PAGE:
13th February 2015 London, UK

Guest Blog from Baroness Anelay: "Freedom to Believe"

This week, we’ve hosted two events at Wilton Park, and in Geneva, on freedom of religion or belief. To mark them, I’m inviting you to join me in our social media campaign #freedomtobelieve.

Here’s why:

Last month I visited a training centre for Imams and Mourchidats (female spiritual guides) in Morocco. What I witnessed there underlined the importance of education in shaping the way people think about the world around them, particularly those who hold different beliefs from their own; or who exercise their right to follow a non-religious belief or to have no belief at all.  Faith should liberate us to engage with those who think completely differently, without fear that they may somehow threaten our own beliefs.

As Minister for Human Rights at the Foreign and Commonwealth Office, I oversee UK government work on a range of human rights.  The most difficult of these to protect, I often think, is the right to freedom of religion or belief.  It’s something that almost everyone has a strong view about. Some see it as essential and central. Others take the view that it’s too tricky, or emotive.  Not so, this is a key freedom.  According to figures from the Pew Forum, more than a third of the world’s population now live in countries where there are extreme limitations on the right to freedom of religion or belief and, according to UNHCR, 850,000 Christians have fled Iraq alone since 2003, for fear of persecution.  This makes a mockery of their #freedomtobelieve.

That is why we work closely with our EU partners on cases such as that of Asia Bibi, imprisoned on account of her faith in Pakistan.  Together, we have lobbied at the highest levels for her release.  She has done nothing that would be regarded as a crime in most countries around the world.  Yet she has been on death row for four years. We will not give up on her.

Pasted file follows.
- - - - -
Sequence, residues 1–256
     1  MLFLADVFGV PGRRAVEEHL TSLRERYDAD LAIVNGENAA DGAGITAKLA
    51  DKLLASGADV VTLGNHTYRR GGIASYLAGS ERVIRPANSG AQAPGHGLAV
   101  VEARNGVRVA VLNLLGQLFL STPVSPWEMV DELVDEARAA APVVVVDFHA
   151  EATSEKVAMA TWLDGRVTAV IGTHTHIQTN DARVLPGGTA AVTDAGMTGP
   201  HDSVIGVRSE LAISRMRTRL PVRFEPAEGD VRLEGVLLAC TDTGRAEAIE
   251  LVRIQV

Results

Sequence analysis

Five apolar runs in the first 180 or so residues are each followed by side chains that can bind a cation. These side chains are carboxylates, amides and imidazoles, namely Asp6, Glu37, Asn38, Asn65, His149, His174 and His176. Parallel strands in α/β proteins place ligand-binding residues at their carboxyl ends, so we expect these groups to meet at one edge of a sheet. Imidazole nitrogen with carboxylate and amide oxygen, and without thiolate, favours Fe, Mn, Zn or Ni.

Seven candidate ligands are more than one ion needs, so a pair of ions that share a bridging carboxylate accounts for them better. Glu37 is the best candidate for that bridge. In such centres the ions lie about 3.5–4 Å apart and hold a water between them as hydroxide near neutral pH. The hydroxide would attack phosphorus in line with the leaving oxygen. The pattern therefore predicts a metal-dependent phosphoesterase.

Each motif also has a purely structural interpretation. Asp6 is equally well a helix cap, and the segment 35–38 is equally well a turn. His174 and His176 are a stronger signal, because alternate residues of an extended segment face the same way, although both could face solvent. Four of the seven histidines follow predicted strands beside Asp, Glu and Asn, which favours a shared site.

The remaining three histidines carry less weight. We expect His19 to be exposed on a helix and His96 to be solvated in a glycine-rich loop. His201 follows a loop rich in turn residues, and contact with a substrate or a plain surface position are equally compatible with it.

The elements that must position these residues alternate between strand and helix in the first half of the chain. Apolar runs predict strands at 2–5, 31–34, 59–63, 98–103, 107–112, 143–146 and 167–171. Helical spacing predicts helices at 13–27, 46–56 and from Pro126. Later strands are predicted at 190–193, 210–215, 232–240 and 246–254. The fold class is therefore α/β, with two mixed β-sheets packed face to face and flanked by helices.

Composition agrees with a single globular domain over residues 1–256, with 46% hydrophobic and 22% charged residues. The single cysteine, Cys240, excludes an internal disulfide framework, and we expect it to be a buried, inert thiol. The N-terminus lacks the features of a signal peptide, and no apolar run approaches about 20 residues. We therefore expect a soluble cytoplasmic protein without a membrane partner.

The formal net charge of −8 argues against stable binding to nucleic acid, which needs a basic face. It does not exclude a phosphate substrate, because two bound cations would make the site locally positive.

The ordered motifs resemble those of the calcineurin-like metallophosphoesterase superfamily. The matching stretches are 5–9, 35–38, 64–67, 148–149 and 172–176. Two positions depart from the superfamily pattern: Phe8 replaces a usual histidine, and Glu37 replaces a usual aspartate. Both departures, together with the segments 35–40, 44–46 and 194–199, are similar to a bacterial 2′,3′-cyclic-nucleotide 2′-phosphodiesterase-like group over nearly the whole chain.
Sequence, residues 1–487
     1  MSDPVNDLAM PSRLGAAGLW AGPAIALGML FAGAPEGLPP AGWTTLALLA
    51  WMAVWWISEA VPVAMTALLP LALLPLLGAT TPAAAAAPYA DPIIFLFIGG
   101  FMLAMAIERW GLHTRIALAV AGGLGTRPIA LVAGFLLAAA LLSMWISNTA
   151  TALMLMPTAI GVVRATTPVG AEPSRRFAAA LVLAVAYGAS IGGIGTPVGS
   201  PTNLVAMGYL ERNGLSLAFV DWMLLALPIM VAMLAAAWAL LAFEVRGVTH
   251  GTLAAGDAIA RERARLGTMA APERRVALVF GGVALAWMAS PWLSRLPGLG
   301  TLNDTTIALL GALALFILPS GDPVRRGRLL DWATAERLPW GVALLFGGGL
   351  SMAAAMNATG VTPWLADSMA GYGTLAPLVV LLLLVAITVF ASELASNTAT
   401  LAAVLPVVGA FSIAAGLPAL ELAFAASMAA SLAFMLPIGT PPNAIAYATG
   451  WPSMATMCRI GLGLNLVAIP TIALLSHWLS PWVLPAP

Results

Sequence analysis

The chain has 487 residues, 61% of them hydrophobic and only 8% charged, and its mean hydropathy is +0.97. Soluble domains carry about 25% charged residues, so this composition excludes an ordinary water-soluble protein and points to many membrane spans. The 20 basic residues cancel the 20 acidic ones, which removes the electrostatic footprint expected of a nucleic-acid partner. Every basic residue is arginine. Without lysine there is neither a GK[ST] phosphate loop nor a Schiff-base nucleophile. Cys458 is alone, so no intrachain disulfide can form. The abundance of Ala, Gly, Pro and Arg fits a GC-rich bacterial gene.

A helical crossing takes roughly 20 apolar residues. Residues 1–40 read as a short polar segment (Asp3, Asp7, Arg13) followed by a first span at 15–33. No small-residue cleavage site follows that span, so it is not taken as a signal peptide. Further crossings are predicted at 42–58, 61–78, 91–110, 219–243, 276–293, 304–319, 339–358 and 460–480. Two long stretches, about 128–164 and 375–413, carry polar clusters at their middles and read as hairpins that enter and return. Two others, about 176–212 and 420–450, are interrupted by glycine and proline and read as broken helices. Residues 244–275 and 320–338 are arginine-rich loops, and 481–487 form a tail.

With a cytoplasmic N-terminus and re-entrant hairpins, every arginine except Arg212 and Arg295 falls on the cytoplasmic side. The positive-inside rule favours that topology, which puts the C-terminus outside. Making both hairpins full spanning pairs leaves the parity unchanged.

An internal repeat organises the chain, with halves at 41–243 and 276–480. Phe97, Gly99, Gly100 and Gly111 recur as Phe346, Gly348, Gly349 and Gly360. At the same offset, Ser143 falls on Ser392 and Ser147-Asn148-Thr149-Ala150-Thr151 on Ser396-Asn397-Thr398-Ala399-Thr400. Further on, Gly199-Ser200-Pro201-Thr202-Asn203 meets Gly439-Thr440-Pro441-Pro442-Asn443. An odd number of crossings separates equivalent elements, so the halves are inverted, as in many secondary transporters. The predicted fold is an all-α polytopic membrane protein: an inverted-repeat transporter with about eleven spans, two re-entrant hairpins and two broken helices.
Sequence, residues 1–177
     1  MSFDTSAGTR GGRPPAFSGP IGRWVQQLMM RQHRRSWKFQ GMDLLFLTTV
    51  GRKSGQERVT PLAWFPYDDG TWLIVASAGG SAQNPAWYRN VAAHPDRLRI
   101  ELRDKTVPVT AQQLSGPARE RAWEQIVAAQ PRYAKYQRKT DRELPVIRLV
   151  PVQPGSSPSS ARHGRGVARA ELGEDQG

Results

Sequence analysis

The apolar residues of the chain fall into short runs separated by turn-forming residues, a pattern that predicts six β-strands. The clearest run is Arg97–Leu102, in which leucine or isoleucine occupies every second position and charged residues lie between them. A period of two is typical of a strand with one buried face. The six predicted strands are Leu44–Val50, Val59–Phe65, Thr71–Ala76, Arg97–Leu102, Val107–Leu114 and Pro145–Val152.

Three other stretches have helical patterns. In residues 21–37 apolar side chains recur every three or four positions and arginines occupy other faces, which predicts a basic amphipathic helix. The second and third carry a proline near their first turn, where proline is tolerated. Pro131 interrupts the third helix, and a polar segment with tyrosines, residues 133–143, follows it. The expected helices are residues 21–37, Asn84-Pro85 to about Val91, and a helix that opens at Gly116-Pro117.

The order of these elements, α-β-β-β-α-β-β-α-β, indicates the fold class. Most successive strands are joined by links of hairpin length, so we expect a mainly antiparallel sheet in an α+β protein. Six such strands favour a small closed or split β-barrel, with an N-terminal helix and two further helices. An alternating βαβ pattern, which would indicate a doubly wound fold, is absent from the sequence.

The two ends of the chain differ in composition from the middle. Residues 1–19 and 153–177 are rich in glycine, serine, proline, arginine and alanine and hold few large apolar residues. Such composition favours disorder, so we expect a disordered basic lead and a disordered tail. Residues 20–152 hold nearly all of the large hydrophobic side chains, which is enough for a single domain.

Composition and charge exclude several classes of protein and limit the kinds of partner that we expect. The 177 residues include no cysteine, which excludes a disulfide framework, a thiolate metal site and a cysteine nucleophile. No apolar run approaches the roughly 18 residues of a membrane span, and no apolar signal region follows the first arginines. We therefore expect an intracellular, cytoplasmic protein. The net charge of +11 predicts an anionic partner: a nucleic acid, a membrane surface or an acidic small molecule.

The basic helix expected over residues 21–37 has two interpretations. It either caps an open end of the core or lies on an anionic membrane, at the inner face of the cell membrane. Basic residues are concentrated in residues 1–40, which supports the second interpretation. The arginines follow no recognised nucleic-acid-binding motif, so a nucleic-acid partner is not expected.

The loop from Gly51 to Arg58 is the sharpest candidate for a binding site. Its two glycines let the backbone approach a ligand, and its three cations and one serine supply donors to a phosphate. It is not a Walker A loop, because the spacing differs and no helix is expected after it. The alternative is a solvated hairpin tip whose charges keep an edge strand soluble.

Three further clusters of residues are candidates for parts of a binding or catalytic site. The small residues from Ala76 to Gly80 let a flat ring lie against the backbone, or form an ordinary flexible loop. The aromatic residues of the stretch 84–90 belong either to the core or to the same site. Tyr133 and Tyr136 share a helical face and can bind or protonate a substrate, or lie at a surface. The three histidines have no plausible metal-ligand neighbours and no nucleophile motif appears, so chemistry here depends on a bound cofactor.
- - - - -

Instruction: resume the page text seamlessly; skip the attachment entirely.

Similarly, take the high profile case of Meriam Ibrahim, imprisoned last year in Sudan and forced to give birth in chains because she would not renounce her faith.  International outcry finally led to Meriam’s release. But there are many more cases that do not make the headlines, where we lobby governments in private because it is more effective.

Whilst confronting these wrongs is important, we also need to build partnerships for change – that is what we were doing earlier this week at Wilton Park by convening a conference to discuss how the global community can work better together to defend the right to freedom of religion or belief. At the same time, we hosted in Geneva a half-day panel discussion with the Universal Rights Group, which offered participants a real opportunity to engage with policymakers and have an interactive discussion on how the international community can best guard against religious intolerance. Back in 2011 we managed to move away from texts at the Human Rights Council that sought to protect religions from criticism (“defamation”), and to agree, instead, a resolution which calls upon all states to tackle religious intolerance, foster religious freedom and pluralism, and to ensure religious minorities are properly represented at all levels of society.

I am under no illusion that a UN resolution automatically translates into action in the societies where it is most needed.  But we have been working with the international community to share best practice and promote practical action to do just that.  For example, we’ve supported training for journalists on how to report on religiously motivated violence without fanning the flames of hatred.  And we’ve been supporting a network of human rights defenders in South Asia, building their capacity to hold their governments to account.

I believe that, difficult though this issue is to tackle, it is not impossible. Let us not be daunted by the task.  But we cannot do it alone.  We need people who value their right to believe, whatever they choose to believe or not to believe, to stand up and be counted.

This is why, this week, we’ve launched a social media initiative on Twitter.  I call on people of all faiths, or none, to join me in defending the right of everyone to have the #freedomtobelieve.